Important: Please read the Qt Code of Conduct - appends null char

  • Hi all -

    My app reads a UDP socket and processes the message. I need to test for a complete message, as determined by the presence of a end tag.

    The call appends a null character to the QByteArray that is causing the endsWith() function to fail.

    QByteArray endTag("</XML>\n\0");
    QByteArray right =;
    qDebug() << endTag << endl << right << endl <<;
    if (

    Note that my effort to append a null character to my endTag fails; at least as shown by the qDebug() call. Also, the test fails.

    I cannot reproduce this problem using only QByteArrays; it has something to do with the data() call.

    I could easily hack a solution, but I'm wondering if anyone knows why this is happening, and whether it might be a bug.

    5.14.2, Windows 10.


  • Lifetime Qt Champion

    @mzimmers How do you send the datagram? I don't think data() appends anything.

  • @jsulm this is an incoming datagram, processed by a slot that picks up readyRead().

  • Lifetime Qt Champion


    first you should check the datagram in wireshark.

    I also doubt the null byte is random.


  • @aha_1980 the null char is indeed part of the data. But I wasn't expecting it to be added to the QByteArray (my error I guess).

    So, given that this is occurring within a slot, I'm trying to minimize the amount of data copying I'm doing. I'm assuming I can't edit the datagram itself, can I? So, how do I construct my endTag so that my compare will return true? It seems weird that my code example doesn't keep the null.

  • Lifetime Qt Champion

    @mzimmers how do you know it doesn't keep the null byte?

    Try qDebug() << endTag.toHex().


  • @aha_1980 well for one thing the endsWith() returns false. Here's the hex for all three arrays:

     qDebug() << endTag.toHex() << endl << right.toHex() << endl <<;

    Strange, no?

  • Lifetime Qt Champion

    @mzimmers ah, got it. you cannot embed \0 in a C-string... QByteArray is unguilty.

    try endTag.append('\0'); instead.


  • @aha_1980 very good...that works:

                QByteArray endTag("</XML>");
                if (

    So, is there a preferred way for me to build my endTag? Ideally it would be a const, given that this is a slot (and therefore something of an ISR), and performance is important.


  • Lifetime Qt Champion

    @mzimmers if you can use C++11, raw string literals come to mind. otherwise you could make the variable a membr and keep it for multiple invocations.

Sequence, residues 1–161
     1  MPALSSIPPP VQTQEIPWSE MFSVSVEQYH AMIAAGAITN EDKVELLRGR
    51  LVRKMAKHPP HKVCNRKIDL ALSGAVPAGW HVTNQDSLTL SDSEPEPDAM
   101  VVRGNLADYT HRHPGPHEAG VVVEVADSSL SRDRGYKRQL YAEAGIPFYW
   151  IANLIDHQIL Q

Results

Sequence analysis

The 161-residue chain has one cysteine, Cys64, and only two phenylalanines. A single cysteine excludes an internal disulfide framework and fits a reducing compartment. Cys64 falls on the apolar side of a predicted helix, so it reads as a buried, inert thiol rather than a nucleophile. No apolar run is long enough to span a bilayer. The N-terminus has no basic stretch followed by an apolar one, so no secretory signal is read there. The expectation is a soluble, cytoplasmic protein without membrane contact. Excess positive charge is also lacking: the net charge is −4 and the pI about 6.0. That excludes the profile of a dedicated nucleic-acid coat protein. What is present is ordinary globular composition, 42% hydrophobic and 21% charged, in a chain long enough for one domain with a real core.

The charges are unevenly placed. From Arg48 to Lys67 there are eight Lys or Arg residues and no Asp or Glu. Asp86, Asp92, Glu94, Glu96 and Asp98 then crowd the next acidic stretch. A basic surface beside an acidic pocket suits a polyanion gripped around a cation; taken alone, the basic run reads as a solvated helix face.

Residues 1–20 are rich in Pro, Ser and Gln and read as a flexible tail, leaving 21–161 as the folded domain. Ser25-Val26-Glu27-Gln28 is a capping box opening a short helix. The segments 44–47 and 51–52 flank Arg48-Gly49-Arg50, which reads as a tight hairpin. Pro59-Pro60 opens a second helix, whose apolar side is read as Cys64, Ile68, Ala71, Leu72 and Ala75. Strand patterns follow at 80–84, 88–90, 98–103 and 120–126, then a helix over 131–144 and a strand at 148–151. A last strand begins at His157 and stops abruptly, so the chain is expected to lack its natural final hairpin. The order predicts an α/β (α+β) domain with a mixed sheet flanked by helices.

• @aha_1980 how would using raw string literals allow me to embed a null char (or newline)?

  • A little inflexible, but you can set byte size manually

    const QByteArray endTag("</XML>\n\0", 8);

  • @mzimmers
    \n has never been a problem. You are going to have problems trying to embed any extra \0 inside a " string. You could spell it out via { '<', '/', ... '>', '\0' } but you may not like readability. Do you need the \0 to actually be there, could you deal with that in code instead?

    If you want to be naughty/impressive(?): QByteArray stores an extra \0 at the end anyway, always! It's not included in count/size(), but it is there, and documented ( So you could use the one which is there. Personally not sure I would, but up to you... :)

  • Bonnie's solution is perfect. For my education, though...why doesn't it work without the length specifier, but works with it? I'm working with a QByteArray, so I don't see how C-string rules apply, unless the argument (the stuff in quotes) is being interpreted as a C-string...

  • @mzimmers
    Yes, the parameter in QByteArray endTag("</XML>\n\0") is what you call a C string. The fact that is being passed to, say, a QByteArray constructor does not alter this fact. When QByteArray copies the characters from there it stops at the first \0. When @Bonnie specifies the length explicitly in his constructor call it copies the 8 characters he specifies.

    The problem is that you have to maintain this for every literal token you have, and one day you'll get the byte count out of sync with the string next to it. Which is why I would do your whole thing in code, I really don't think you're doing yourself any favours by playing around with literals here when it's not necessary. Why don't you reconsider?

  • Thanks for the's been educational.

    Now, if I could just get someone to help me in the installer forum (heh)...

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